Norwegian: Drøye noe

sjiraff

Senior Member
English
Hi everyone,
I was just reading / listening to a script in Norwegian and there's a conversation where the characters are talking about how bad the weather is in the city, and one of the characters says:-

Du burde ha drøyd'n til høsten med å komme til byen. (written colloquelly like "drøyd'n".

I know that this means, "You should have waited to come to the city in autumn", but why is it "drøyde den"? I would have thought that's wrong since he's talking about "Du burde ventet med -det å komme til byen- til høsten"?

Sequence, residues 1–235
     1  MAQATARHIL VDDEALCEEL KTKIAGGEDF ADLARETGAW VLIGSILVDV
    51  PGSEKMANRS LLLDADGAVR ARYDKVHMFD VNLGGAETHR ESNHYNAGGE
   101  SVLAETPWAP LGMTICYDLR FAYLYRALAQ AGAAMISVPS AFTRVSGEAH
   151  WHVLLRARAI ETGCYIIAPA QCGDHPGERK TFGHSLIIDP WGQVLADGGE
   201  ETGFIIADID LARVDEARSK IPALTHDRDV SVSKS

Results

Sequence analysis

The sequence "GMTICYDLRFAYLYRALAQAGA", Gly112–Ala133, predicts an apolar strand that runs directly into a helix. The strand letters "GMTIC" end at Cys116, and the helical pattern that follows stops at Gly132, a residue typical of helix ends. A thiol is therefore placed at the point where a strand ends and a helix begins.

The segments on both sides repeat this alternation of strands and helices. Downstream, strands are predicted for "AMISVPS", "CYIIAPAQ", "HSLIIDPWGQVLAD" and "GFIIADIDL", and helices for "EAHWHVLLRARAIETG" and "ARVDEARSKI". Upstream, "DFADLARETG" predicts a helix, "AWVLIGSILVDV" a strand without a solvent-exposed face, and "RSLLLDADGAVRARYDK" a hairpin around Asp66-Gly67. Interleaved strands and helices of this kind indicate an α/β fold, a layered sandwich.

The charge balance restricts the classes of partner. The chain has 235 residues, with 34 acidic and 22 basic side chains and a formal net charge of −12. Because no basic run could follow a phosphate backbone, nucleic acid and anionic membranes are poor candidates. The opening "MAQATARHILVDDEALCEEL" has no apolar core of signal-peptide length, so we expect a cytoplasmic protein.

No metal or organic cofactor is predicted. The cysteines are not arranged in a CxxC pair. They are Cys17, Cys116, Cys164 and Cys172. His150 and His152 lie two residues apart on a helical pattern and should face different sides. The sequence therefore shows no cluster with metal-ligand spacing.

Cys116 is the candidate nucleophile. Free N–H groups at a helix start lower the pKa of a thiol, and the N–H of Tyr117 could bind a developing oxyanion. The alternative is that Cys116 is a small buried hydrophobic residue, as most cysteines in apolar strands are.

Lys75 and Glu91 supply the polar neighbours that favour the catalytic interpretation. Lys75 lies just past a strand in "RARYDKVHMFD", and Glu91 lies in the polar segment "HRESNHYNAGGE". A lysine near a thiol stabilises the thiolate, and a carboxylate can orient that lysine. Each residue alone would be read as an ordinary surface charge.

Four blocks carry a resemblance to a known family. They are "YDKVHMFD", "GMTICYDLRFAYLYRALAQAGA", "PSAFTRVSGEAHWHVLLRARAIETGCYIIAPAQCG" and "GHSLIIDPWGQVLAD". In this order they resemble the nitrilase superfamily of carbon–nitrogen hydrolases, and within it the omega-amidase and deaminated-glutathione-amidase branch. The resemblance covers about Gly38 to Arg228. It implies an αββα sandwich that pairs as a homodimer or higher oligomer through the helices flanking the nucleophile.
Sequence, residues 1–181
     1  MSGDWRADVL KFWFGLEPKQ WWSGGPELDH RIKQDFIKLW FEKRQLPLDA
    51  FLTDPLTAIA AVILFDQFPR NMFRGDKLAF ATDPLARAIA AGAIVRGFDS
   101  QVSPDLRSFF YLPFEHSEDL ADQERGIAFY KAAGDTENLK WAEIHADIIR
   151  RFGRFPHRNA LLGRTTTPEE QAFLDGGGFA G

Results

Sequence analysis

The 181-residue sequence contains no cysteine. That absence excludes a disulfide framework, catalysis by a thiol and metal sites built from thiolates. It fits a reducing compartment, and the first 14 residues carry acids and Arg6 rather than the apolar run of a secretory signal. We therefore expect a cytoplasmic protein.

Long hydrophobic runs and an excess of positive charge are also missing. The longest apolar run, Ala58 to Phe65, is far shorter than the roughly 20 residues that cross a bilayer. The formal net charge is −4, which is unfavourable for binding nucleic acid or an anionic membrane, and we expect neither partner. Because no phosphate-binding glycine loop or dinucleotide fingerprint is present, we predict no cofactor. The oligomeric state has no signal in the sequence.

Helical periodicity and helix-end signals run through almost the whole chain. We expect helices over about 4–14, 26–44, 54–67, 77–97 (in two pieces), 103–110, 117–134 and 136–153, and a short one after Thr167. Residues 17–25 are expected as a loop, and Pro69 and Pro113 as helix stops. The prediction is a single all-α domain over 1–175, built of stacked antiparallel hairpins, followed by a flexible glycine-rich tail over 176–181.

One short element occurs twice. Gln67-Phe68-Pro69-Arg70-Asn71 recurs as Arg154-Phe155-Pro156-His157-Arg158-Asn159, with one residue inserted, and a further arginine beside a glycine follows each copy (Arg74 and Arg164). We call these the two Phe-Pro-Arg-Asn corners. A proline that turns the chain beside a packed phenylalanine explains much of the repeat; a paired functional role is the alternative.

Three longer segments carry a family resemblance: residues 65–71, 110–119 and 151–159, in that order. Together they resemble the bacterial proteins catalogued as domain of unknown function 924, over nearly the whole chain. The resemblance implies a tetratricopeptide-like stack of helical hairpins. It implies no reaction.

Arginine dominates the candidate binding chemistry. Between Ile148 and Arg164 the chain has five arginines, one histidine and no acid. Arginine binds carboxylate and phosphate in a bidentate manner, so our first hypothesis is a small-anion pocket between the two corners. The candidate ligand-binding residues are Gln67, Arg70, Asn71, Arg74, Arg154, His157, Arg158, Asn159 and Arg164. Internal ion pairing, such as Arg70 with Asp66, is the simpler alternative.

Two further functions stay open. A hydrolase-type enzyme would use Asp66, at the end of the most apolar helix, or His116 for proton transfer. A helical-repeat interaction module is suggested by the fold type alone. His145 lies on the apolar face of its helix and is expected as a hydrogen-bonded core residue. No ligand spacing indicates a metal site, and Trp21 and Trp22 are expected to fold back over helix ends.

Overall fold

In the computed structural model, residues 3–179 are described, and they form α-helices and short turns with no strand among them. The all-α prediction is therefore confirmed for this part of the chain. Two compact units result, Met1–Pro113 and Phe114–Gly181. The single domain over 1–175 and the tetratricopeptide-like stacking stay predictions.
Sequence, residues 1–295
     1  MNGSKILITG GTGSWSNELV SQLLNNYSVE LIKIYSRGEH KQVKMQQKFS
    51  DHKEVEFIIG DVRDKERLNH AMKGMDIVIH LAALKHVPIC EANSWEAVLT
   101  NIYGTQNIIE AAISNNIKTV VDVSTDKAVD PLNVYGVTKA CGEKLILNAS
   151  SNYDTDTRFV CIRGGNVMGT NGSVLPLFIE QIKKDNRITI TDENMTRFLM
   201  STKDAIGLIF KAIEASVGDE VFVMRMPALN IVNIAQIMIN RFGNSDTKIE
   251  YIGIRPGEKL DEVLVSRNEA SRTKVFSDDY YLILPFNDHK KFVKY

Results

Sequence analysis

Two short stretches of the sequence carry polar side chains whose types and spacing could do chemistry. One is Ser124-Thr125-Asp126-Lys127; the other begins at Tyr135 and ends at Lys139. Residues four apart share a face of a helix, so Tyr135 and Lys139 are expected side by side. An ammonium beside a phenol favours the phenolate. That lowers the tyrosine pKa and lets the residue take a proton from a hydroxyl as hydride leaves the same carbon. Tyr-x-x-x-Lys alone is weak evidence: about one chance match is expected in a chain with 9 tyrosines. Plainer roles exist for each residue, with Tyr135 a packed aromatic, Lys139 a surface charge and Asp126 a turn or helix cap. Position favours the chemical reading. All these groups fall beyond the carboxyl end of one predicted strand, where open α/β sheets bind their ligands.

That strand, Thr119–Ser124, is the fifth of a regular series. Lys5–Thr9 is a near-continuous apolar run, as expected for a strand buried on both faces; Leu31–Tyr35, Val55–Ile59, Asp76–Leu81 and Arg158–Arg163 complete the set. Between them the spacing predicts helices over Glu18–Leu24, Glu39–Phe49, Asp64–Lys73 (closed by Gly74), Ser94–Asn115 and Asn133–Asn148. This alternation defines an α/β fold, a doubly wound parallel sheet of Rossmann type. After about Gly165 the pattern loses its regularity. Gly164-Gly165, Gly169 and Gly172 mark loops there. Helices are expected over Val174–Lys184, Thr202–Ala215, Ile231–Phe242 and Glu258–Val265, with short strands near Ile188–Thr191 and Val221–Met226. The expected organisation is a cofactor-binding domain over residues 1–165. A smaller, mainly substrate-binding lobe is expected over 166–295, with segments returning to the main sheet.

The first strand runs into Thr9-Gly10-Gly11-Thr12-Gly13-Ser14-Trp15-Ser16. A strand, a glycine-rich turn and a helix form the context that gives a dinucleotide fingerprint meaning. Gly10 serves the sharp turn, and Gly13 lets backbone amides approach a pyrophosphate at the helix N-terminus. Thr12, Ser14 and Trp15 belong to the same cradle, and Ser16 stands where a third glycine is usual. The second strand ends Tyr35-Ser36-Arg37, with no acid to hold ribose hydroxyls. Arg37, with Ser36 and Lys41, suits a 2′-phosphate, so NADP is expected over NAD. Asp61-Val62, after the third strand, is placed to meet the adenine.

Thanks for any clarification on this one.
 
  • raumar

    Senior Member
    Norwegian
    Hi,

    this is informal speech, but not incorrect in my opinion. But the " 'n" would have been wrong if he had used the verb vente, instead of drøye.

    Let's use a simpler sentence as example. Instead of "Vi venter litt", it is possible to say "Vi drøyer det litt", or (informally) "Vi drøyer'n litt".

    This will probably make you even more confused about the use of "den" and "det", but that is just how we say it. At least I do; there may be some variation between dialects. I am not sure why it works this way, but the reason may be that there aren't any contracted versions of "det".
     
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